We previously discussed in this series, Implementing Lubricant Storage & Handling procedures: Part 1 Understanding Contamination. In this follow-up blog, we will discuss the role of storage and handling.

As seen in the first article in this series, contamination is a huge factor that influences the degradation of a lubricant. The most common forms of contamination occur during both the storage and handling of lubricants. When lubricants are formulated they are typically placed in opaque containers (drums or pails). This helps to protect the lubricant from light sensitivity and UV radiation which can easily degrade the lubricant before it enters the equipment. As such, the lubricant would already have a decreased life span before being placed into service resulting in an even shorter maintenance interval for operators. Some IBCs (bulk storage containers) may not be fully opaque, so it is up to the user to help protect their lubricants and store these in cool areas out of direct sunlight.

Generally, most storage facilities may not have sheltered areas for their lubricants. In the case of drums, some operators store them upright on pallets, stacked a couple of pallets high and out in the elements. If one looks closely at a drum, one will notice two openings also called bungs (one is typically larger than the other). These have been designed to be opened and allow the lubricant to flow. If drums are stored outside, the top of the drum can collect water from the rain. When the temperatures get cooler during the night, the water is pulled into the oil through the bungs and contaminates the oil.

This phenomenon can be particularly detrimental if transformer oils are stored in this manner as the oil will now contain water. When poured into the transformer, it can cause a fire hazard because of the presence of this water due to improper storage. Similarly, for any oil stored outside in the elements, the presence of water can cause significant damage to the equipment.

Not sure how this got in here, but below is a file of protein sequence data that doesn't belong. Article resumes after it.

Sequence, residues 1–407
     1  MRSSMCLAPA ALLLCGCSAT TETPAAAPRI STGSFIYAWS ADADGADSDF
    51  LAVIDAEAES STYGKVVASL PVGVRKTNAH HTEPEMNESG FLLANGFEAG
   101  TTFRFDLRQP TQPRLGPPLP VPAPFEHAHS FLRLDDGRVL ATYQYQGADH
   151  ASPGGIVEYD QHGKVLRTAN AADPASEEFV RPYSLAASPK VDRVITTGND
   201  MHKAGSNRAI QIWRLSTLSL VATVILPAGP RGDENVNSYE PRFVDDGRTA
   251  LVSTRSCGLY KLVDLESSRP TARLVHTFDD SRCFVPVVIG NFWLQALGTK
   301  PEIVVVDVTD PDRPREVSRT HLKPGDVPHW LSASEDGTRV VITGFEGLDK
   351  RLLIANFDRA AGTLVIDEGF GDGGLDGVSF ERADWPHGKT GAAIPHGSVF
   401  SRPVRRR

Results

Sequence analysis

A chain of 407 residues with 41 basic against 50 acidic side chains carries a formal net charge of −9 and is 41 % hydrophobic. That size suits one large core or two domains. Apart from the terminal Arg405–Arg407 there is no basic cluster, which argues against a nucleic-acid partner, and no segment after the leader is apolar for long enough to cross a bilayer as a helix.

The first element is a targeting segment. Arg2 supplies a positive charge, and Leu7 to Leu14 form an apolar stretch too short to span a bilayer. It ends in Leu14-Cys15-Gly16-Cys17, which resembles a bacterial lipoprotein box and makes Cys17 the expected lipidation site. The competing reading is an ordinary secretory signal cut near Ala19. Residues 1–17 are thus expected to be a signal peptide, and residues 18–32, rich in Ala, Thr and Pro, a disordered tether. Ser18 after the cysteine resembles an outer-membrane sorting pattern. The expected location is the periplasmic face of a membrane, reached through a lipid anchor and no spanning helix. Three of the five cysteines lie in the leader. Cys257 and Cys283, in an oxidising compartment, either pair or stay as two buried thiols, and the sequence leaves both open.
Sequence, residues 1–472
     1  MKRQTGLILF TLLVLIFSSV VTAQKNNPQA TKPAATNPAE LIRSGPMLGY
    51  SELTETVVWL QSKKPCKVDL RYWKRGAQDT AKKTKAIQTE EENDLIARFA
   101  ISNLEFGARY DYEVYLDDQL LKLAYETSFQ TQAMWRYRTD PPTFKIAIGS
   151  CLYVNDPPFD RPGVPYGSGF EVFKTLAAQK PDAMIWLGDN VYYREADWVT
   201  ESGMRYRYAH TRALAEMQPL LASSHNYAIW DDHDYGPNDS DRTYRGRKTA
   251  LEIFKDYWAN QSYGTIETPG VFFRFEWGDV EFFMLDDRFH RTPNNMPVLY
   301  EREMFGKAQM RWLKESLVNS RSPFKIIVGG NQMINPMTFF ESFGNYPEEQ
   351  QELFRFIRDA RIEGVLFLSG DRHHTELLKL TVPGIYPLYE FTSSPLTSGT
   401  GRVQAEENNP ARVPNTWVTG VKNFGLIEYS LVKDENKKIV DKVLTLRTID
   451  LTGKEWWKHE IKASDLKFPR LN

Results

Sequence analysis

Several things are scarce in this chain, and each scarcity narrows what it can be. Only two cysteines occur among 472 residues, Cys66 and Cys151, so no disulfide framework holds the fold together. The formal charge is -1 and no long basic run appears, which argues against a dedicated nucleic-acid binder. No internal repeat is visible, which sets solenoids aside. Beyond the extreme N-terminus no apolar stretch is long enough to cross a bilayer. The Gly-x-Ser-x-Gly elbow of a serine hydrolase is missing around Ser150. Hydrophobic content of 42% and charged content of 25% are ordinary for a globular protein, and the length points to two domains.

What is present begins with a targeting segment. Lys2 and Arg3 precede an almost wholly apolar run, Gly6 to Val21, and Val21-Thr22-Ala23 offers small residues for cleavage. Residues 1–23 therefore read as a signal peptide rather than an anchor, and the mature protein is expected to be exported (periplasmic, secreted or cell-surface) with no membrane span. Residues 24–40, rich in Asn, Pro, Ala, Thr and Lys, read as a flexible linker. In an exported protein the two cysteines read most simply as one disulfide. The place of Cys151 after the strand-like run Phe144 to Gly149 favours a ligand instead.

If drums are to be stored outside, they should not be stored upright. In fact, they should be placed such that the bungs are at a 3 o’clock and 9 o’clock position as seen in figure 1 below. This way, if water surrounds the drum, the possibility of it entering the bungs (and by extension the oil is significantly reduced. Another way that drums can be stored would be on a drum rack, where they can be easily decanted or removed for use in other areas of the facility.

Preferred orientation of the drums

Understanding the handling of lubricants

While the storage of lubricants is important, their handling is often where most contaminants have the opportunity to ingress. On a typical day, if an operator goes to a pail/bucket to decant some fluid, they may use whatever container they can put their hands on and decant the lubricant. This container could already have some dirt, oil from a previous decant, or whatever may be in the atmosphere. With this one container, the operator has just introduced unwanted contaminants within the range of millions of microns.

One can think that the filters placed on the equipment should catch the dirt and some of them will capture some of the dirt particles but what about the contamination with a previously used oil? If the container was used to transport motor oil and then used to transport hydraulic oil, the chances are that the oil will be severely degraded very quickly. Motor oils contain around 30% of additives while hydraulics may contain a mere 5-10%. Either way, there could be major compatibility issues with both oils causing the oil to no longer perform its functions.

This contamination of using a previously used container to top up a hydraulic sump with approximately 3 gallons of oil, can result in the entire sump having to be replaced, including some downtime associated with cleaning the sump and removal of any traces of the contaminant. A decision that took less than 30 seconds just resulted in downtime which can cost millions depending on the type of operation. In the last part of this series, we will talk about ways to address storage and handling challenges. Stay tuned!

Thank you Sanya Mathura with Strategic Reliability Solutions Ltd for sharing this informative and educational article with us!

Download our Oil & Grease Storage Best Practices Infographic for some tips to help outline the best practices for proper lubrication storage.

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by Diana Pereda